Funds will support team’s travel to the Beep Ball World Series
One of the rainiest summers on record didn’t keep the Tewksbury Lions from supporting the Boston Renegades beep baseball team. While the annual match between the Renegades and the Tewksbury Fire Department was washed out, the Lions were still able to donate $2,160 to help the Renegades travel to the 2024 Beep Ball World Series in St. Louis.
Beep ball is an adaptive form of baseball developed for those with varying levels of vision impairment. The sport uses balls and bases that emit an audible beep, and players wear masks to ensure those with partial vision don’t have an advantage. The Renegades are part of the National Beep Ball Association.
In a ceremony at TJ Callahan’s last night, John Deputat, president of the Tewksbury Lions, thanked sponsors Enterprise Bank, Competitive Edge, Tewksbury Sports Club, DLM Holdings, the Tewksbury Fire Fighters, Tom and Martha Clougherty and members of the Lions for their support. Tewksbury firefighters Joel Altavista, Peter Bielecki and Paul Farias attended. Altavista is president of Tewksbury Firefighters Local 1647.
“About four or five years ago we started doing this game with the Boston Renegades and the firefighters,” said Lions member Jerry Selissen. “We tried very hard this year to schedule the game again, but as we all know, the weather didn’t cooperate.”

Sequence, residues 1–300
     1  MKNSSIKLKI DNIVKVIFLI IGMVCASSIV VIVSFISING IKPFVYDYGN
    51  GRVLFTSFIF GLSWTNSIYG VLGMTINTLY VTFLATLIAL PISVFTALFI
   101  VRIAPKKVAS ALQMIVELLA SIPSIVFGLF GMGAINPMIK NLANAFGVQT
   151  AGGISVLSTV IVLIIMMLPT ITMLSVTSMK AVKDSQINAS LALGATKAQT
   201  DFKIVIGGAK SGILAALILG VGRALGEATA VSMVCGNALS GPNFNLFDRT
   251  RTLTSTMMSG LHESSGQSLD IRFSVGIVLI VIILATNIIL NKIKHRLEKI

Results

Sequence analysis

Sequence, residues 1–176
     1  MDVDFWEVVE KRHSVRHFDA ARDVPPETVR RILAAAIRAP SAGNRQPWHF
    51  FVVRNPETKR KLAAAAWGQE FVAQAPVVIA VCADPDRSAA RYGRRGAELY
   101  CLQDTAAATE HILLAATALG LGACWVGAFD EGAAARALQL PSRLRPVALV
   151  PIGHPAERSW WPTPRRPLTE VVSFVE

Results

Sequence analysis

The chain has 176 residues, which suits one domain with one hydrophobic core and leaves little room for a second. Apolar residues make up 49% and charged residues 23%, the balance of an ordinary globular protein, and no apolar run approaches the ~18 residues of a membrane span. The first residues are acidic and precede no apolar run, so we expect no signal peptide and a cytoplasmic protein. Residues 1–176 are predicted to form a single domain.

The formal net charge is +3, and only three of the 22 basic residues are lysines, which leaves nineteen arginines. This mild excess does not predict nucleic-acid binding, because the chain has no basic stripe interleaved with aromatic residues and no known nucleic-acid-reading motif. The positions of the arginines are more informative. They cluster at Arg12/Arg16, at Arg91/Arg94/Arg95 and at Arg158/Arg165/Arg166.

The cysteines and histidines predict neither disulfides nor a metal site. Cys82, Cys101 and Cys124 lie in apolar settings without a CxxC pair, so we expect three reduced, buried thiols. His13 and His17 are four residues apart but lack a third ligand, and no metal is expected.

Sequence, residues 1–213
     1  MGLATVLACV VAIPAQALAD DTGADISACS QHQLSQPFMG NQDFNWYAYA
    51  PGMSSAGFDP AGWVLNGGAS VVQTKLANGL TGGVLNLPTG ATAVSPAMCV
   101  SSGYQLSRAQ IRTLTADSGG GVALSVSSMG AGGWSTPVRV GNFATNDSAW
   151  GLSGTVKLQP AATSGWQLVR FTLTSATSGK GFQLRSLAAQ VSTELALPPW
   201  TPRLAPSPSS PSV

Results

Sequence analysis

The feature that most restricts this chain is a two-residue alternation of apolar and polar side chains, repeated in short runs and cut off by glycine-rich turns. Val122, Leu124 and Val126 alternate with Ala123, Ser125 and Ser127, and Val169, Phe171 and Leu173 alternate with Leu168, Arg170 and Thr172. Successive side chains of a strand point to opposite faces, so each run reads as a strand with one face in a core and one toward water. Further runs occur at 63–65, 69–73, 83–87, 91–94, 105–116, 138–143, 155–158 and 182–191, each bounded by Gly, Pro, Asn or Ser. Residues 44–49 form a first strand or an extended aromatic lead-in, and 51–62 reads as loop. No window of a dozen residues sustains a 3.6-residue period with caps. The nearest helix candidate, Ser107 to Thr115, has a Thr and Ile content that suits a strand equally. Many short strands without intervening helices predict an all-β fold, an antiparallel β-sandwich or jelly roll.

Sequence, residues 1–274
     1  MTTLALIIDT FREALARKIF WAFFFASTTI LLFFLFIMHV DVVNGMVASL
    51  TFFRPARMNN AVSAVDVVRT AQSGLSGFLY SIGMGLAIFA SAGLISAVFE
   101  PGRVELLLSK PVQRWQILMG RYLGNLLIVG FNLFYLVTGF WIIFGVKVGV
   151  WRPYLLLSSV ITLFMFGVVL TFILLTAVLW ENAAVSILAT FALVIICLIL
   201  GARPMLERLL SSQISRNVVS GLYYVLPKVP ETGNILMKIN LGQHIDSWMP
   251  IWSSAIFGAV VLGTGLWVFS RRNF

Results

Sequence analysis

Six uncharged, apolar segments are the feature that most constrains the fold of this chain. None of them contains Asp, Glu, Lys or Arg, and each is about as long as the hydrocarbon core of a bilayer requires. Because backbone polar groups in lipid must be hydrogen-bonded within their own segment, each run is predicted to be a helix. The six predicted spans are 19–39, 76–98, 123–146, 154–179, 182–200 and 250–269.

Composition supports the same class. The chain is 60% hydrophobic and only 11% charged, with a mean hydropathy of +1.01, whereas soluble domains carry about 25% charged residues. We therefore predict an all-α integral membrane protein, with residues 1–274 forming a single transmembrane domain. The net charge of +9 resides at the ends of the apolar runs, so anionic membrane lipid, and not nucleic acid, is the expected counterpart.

Lions Clubs nationwide have supported causes for the blind since 1925, when Helen Keller attended the Lions Clubs International Convention and challenged the group to become “knights of the blind in the crusade against darkness.”
Renegades founder John Oliveira, left, with Selissen, was in attendance to accept the donation. Oliveira started the Renegades in 2001 to offer a way for visually impaired people to take part in a team sport. The Renegades now have 17 players and 23 volunteer coaches. Nationally, there are 25 beep ball teams that travel for weekend or weeklong tournaments. Oliveira said the team is always looking for volunteers and donations to cover equipment costs and travel expenses.
“The ball itself costs $35, so every year we spend about $2,000 on balls because they break,” he said. “We go through a lot of beep balls.”
The bases, which emit tones to help players run toward them, can cost $400. Then there are travel expenses to connect with other teams for tournaments. And, the organization offers other activities, including an upcoming kids camp in New Hampshire.
“Blind kids will be doing some pumpkin carving, and all kinds of activities that blind kids don’t really think they would be able to do,” said Oliveira. “They’re doing it. Again, all run by volunteers.”
Oliveira invites anyone who would like to volunteer to connect through the team’s website. For those who would like to donate, the Renegades are running an online raffle to raise funds. Tickets are $25 through Nov. 3.
“The Lions Club has been very important in in keeping beep ball going here in Massachusetts,” said Oliveira. “Again, thank you for your support.”